“There is so much here to challenge poetry readers” — La Bloga review of Chicano Poet

Reyes Cárdenas

Book Review: For the City That Nearly Broke Me by Barbara Jane Reyes

“The subversive discourse in the street verse of her latest chapbook For The City that Nearly Broke Me reads like a Cosmopolitan-cadenced ”Howl,” wherein the best minds of Reyes’ generation have not at all been destroyed by machismo and an antiquated but ever in effect old boys’ system, but have become determined to invert this chronic chauvinism on all shores.” –Robert Ontiveros, San Antonio Current

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09/01/2012: For the City That Nearly Broke Me (Free Writing Workshop and Chapbook Release Event)

 Barbara Jane Reyes

Title: FOR THE CITY THAT NEARLY BROKE ME
Author: Barbara Jane Reyes
ISBN: 9780984441532
Price: US$13.95

SATURDAY, SEPTEMBER 1, 2012
FREE Writing Workshop by Barbara Jane Reyes 12:00 pm – 2:00 pm

Book Reading “For the City That Nearly Broke Me” new chapbook 2:00 pm – 3:00 pm

VENUE: Bayanihan Community Center
1010 Mission St. (& 6th St.)
San Francisco, CA 94103
For more information please call (415) 553-8185
or email us at arkipelagobooks@yahoo.com

To RSVP, please visit the Facebook event page.

Incantatory, gritty, at times heartbreaking, and, yes, celebratory, these poems are amulets for our broken world. –R. Zamora Linmark, author of Drive-By Vigils and The Evolution of a Sigh.

Scribe of global soundscape, Reyes builds upon the heartbeat of literary and blood ancestors, feeding her “mythic thirst for home” as she journeys back to cities devastated and torn by the politics of race, history, class and sexuality, greeting her like an outsider. And still, despite the cities’ fall from grace, each gritty image, drawn on multiple languages and rhythms, is a love song, a reflection, a naming of the self. Bittersweet, powerful and precise, I adore this important book and the work of Barbara Jane Reyes. –M. Evelina Galang, author of Her Wild American Self andOne Tribe.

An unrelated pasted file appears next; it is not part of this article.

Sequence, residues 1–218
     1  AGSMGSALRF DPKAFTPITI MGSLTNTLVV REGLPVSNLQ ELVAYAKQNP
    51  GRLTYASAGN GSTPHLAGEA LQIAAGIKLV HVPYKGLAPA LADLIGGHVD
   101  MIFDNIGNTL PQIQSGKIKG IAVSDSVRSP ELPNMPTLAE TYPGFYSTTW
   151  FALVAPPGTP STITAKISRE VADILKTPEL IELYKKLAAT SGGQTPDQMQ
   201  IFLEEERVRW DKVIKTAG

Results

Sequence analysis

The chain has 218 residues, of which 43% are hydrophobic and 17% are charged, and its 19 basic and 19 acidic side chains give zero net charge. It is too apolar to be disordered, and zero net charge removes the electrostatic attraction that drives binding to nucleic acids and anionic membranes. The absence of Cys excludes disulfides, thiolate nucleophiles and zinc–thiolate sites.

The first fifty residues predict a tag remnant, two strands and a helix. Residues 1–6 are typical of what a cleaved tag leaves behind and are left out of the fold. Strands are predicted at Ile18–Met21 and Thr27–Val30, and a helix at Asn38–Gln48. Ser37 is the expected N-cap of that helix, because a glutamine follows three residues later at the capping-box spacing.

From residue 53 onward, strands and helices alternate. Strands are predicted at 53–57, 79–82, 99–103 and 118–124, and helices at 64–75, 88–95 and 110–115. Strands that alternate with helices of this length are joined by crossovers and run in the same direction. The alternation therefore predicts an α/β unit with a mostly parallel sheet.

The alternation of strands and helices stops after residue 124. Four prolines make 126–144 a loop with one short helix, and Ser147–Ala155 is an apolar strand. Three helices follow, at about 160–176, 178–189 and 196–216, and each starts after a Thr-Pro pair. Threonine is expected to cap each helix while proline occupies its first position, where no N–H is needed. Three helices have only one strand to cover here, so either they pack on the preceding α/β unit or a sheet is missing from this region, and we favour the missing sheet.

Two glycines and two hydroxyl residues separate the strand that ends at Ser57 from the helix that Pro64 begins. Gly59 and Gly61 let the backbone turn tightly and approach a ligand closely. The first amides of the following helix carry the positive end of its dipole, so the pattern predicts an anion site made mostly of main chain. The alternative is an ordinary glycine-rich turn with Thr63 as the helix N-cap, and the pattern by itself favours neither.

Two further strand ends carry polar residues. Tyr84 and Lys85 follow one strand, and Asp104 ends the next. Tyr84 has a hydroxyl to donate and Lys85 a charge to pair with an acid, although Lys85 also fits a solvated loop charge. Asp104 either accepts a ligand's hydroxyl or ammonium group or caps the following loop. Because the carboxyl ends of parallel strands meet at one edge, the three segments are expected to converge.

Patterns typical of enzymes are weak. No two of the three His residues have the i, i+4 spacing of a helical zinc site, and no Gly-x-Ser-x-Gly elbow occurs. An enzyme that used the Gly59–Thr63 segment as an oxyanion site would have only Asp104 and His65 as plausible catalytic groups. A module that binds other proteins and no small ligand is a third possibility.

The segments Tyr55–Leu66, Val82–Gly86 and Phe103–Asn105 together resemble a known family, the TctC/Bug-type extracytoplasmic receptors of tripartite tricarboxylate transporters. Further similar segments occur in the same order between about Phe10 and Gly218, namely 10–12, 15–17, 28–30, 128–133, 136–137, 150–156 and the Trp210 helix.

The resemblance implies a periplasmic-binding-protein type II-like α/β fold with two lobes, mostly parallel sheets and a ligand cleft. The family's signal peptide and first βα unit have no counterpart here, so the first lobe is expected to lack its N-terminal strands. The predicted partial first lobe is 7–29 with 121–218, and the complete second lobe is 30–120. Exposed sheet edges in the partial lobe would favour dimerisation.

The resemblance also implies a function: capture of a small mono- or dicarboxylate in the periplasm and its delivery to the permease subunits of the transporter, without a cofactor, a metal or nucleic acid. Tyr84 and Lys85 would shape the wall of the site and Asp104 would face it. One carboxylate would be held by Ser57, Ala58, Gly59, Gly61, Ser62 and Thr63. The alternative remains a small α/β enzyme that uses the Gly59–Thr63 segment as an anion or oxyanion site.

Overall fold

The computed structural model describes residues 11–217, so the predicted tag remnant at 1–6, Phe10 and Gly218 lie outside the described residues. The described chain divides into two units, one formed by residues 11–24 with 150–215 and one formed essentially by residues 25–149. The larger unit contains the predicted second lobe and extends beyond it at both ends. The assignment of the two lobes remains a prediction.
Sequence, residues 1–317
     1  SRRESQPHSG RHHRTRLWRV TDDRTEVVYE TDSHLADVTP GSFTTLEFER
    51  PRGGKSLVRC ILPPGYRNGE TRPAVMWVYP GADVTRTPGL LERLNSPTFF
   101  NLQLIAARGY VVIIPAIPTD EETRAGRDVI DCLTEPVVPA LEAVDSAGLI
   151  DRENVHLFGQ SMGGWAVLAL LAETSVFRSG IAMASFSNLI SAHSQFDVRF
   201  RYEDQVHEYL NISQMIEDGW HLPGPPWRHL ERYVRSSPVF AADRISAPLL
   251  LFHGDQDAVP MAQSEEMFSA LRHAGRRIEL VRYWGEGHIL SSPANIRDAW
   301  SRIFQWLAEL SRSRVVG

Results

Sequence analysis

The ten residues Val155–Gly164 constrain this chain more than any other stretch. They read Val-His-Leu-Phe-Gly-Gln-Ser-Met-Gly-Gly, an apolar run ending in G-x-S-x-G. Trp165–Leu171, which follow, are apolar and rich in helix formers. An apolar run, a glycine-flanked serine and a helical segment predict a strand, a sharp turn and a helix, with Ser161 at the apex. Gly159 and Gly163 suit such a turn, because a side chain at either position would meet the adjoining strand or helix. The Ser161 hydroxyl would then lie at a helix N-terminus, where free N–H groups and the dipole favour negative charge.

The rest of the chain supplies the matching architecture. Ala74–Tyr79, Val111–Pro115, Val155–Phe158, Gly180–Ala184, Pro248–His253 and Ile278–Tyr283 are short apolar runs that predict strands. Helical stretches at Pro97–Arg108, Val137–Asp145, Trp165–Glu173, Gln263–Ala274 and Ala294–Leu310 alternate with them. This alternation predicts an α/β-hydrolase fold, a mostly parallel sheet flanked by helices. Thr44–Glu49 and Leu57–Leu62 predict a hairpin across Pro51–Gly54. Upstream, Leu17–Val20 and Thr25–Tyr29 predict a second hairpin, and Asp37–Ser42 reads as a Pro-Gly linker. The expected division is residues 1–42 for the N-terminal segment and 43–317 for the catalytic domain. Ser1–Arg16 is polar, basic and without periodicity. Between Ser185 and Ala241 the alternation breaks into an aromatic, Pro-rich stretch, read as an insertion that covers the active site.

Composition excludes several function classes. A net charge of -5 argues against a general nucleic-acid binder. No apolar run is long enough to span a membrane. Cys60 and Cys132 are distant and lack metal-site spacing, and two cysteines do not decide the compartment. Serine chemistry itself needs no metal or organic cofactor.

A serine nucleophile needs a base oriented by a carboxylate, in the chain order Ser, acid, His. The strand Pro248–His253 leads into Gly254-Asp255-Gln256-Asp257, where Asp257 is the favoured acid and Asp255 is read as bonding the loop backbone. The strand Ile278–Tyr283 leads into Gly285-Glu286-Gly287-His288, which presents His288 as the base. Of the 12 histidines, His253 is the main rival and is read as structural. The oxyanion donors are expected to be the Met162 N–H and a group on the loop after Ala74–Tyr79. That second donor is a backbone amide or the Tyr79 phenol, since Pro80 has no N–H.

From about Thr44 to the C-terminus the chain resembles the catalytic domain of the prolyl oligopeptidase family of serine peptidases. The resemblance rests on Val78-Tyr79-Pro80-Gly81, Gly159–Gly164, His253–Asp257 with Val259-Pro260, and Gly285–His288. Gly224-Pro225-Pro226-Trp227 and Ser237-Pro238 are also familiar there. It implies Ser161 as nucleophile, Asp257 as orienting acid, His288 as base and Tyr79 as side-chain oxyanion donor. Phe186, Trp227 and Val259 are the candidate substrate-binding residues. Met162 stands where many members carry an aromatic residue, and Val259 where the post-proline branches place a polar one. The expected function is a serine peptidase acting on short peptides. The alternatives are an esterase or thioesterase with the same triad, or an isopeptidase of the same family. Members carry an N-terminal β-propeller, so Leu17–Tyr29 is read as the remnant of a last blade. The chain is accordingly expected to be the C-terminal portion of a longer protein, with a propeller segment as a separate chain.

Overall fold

In this fierce, feisty, anaphora-filled shakedown serenade, Reyes hard-scrambles our senses to position us firmly in poetry meant to electro-charge our attention real. This is a fine book of verse, reminiscent of Juan Felipe Herrera, yet singly Reyes. The supple lines ring endless rounds, bringing us bits of battle-singing and words wound true. Packs an amazing delivery and guarantees impact. –Allison A. Hedge Coke, author of Dog Road Woman and Rock Ghost, Willow, Deer. A big thank you to Arkipelago Books for organizing this event and handling book sales.

 

Aztlan Libre Press Update

Aztlan Libre Press had a productive 2011 in which our first two publications: Tunaluna, alurista‘s tenth book of poetry, and the Aztec Calendar Coloring Book saw brisk sales. We also sealed a deal with Small Press Distribution out of California to promote and distribute our books. At the end of 2011 we published our third book, Indigenous Quotient/Stalking Words: American Indian Heritage as Future, by the award-winning Chicano historian from U.C.L.A., Juan Gomez-Quinones; and we also published our first in a series of Xican@ Art Notecards that feature four different paintings by San Antonio artist Vincent Valdez.

We’re pleased that Juan Gomez-Quinones’ book has already been adopted as a textbook for Chicano and American Indian Studies courses at San Diego State University, the University of Minnesota, the University of California Los Angeles, the American Indian Institute for the Arts in New Mexico. About Indigenous Quotient/Stalking Words, Rodolfo A. Acuna, author of Occupied America: A History of Chicanos, writes:

“Indigenous Quotient/Stalking Words is an original, complex work that will influence future generations of scholars. Juan Gomez-Quinones combines an excellent narrative with shrewd analysis of the construction and distortion of Native American identity by Western/American scholars, and he makes a compelling case for a reexamination of Indigenous history. These two essays cover fifty years of scholarship that includes the forging of Chicana/o Studies, and they are especially important at a time when most Chicana/o scholars have no historical memory of the importance of Indigenous thought on the formation of their discipline. His bottom-line is how we acquire knowledge determines ‘Who are we?’”

Currently we are working on three different publications which should be out by Summer, 2012: Reyes Cardenas (still untitled) 1970-2010, a forty year retrospective of writings from one of the best, most prolific, profound, and under-recognized Chicano poets; For the City that Nearly Broke Me, by Barbara Jane Reyes, an outstanding Filipina/American writer, that initiates our new Indigenous Voices Series; and Nahualliandoing Dos, an anthology of poetry in three languages, Nahuatl, Espanol and English.

We are very excited about our publications for 2012 as we prepare to end an almost 5,200 year Mayan long-count cycle, and begin a new one.

Como siempre, gracias por su apoyo. The Editors